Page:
Dynamic assignments were an extension added to the language to make it
easier to enter touches in a more natural manner. For example, it would
be nice if it were possible to define the symbols, `Cm`

,
`Pr`

and `b`

such that the Parker splice between
Cambridge and Primrose Surprise Minor could be proved with the following
statement.

prove 3( Cm,b,Cm,Pr,Pr,Cm,Cm,b,Cm,Pr,Pr,Cm,b );

This is done by allowing the assignment operator (`=`

) to be
used within expressions being proved.
The assignment operator has higher precedence than the comma operator,
and it is right-to-left associative (i.e. the expression
`a=b=c`

is equivalent to `a=(b=c)`

.)
The assignment only takes effect when the expression is executed during
the proof process, and at the end of the proof, all dynamic assignments
are reset.

For example, in the following it is used to switch the meaning of the
symbol `p`

depending on whether the method has a 2nds or
6ths place lead head.

6 bells; b = +4; Cm = &-3-4-2-3-4-5, (p = +2); Pr = &-3-4-2-3-4-5, (p = +6); prove 3(Cm,b,Cm,p,Pr,p,Pr,p,Cm,p,Cm,b,Cm,p,Pr,p,Pr,p,Cm,b);

This syntax can be made more natural by making the `p`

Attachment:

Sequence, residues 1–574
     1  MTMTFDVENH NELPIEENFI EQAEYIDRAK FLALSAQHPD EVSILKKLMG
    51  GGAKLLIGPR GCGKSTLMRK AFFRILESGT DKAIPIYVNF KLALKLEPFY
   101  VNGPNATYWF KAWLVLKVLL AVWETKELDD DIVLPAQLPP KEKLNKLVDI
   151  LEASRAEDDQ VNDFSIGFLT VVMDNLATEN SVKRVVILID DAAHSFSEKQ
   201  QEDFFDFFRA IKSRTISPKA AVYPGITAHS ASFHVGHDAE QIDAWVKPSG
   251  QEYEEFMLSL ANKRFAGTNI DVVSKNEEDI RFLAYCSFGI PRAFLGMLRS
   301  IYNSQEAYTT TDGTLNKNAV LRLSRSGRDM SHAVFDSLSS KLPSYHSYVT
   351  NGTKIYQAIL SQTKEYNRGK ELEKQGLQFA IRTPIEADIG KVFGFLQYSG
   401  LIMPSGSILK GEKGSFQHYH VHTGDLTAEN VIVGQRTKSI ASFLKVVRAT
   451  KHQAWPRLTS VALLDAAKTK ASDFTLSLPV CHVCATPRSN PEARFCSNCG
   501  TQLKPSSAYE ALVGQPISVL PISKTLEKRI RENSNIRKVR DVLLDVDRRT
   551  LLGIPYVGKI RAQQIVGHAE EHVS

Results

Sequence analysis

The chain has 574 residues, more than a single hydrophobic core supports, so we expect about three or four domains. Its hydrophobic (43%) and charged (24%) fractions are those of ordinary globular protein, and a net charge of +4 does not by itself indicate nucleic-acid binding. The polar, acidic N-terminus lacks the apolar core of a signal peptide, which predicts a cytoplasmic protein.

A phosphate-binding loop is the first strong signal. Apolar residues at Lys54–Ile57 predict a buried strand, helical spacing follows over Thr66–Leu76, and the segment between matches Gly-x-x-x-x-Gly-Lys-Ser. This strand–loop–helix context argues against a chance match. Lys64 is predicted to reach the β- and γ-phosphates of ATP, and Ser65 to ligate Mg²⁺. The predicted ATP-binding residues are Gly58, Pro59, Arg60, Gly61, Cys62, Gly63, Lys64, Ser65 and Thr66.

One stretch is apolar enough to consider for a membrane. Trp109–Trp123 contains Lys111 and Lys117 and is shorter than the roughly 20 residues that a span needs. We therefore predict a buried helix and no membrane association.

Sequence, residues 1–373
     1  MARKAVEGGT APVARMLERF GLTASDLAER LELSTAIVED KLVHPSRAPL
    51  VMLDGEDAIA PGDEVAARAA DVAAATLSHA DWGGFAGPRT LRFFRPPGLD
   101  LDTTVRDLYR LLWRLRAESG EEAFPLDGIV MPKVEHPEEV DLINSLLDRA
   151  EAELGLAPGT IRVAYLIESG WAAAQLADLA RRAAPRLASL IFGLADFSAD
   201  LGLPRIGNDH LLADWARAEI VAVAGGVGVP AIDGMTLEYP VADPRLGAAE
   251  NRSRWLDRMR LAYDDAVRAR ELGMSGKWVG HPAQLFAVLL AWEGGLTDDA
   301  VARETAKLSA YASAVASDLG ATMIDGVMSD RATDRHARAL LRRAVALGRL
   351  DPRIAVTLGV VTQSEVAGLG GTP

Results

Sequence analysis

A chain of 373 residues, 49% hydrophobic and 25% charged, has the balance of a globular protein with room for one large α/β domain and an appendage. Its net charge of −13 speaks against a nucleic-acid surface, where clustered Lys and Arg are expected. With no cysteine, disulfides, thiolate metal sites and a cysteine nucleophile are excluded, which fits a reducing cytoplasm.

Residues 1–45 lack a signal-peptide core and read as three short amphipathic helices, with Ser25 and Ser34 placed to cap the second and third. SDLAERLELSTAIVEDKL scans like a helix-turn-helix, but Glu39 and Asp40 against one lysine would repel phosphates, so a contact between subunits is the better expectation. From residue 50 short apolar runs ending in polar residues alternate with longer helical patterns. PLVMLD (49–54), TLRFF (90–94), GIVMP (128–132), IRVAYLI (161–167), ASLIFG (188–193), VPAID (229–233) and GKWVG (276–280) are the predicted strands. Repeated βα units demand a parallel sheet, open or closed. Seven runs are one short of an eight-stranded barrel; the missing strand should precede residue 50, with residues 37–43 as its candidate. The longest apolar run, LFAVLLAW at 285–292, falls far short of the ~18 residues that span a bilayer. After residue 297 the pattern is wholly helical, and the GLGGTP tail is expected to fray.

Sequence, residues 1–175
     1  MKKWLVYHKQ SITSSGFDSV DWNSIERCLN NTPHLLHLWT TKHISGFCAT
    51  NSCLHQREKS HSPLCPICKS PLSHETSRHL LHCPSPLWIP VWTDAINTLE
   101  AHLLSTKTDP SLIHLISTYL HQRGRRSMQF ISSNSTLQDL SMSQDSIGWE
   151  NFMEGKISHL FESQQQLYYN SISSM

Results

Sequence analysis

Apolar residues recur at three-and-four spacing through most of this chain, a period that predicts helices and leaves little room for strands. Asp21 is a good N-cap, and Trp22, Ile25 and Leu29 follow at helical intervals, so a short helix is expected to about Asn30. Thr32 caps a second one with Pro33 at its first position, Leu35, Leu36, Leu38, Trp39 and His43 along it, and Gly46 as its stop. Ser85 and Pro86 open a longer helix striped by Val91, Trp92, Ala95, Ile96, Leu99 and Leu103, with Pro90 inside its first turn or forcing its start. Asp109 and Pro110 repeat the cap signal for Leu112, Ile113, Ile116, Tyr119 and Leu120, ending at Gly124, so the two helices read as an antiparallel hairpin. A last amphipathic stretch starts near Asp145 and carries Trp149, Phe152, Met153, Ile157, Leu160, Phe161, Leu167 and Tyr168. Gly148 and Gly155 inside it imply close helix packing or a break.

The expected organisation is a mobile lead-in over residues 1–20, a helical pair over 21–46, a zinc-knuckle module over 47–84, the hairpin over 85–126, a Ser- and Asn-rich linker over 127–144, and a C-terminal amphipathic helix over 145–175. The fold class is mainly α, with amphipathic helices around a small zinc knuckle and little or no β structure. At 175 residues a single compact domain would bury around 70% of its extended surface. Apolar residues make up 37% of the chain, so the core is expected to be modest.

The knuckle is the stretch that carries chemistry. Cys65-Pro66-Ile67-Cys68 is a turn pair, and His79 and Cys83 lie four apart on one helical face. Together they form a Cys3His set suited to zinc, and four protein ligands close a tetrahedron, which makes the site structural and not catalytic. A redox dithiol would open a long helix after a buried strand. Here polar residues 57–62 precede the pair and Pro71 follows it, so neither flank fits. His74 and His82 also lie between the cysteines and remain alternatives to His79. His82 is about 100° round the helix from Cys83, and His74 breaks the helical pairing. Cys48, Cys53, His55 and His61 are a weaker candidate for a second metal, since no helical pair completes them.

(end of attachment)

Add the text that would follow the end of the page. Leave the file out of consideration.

symbol optional in the previous example. This is done using another
level of dynamic assignments in conjunction with the `final`

built-in symbol.

This is done by making the `p`

and `b`

symbols set
the `lh`

variable to the lead head change.
The `lh`

symbol is then evaluated at the start of the next
lead. The `final`

symbol is used to ensure that the last
lead head is included in the composition.

6 bells; lh = "\"; start = " @ \"; finish = lh, "\n"; p2lh = +2, " @ \"; p6lh = +6, " @ \"; blh = +4, "- @ \"; lh2 = (p = lh=p2lh), (b = lh=blh), (lh=p2lh); lh6 = (p = lh=p6lh), (b = lh=blh), (lh=p6lh); Cm = lh, &-3-4-2-3-4-5, lh2, "Cm"; // Cambridge Pr = lh, &-3-4-2-3-4-5, lh6, "Pr"; // Primrose prove 3( Cm,b,Cm,Pr,Pr,Cm,Cm,b,Cm,Pr,Pr,Cm,b );

This example also includes formatting of the output to show every lead end.

Copyright, © Richard Smith, 2004–2009.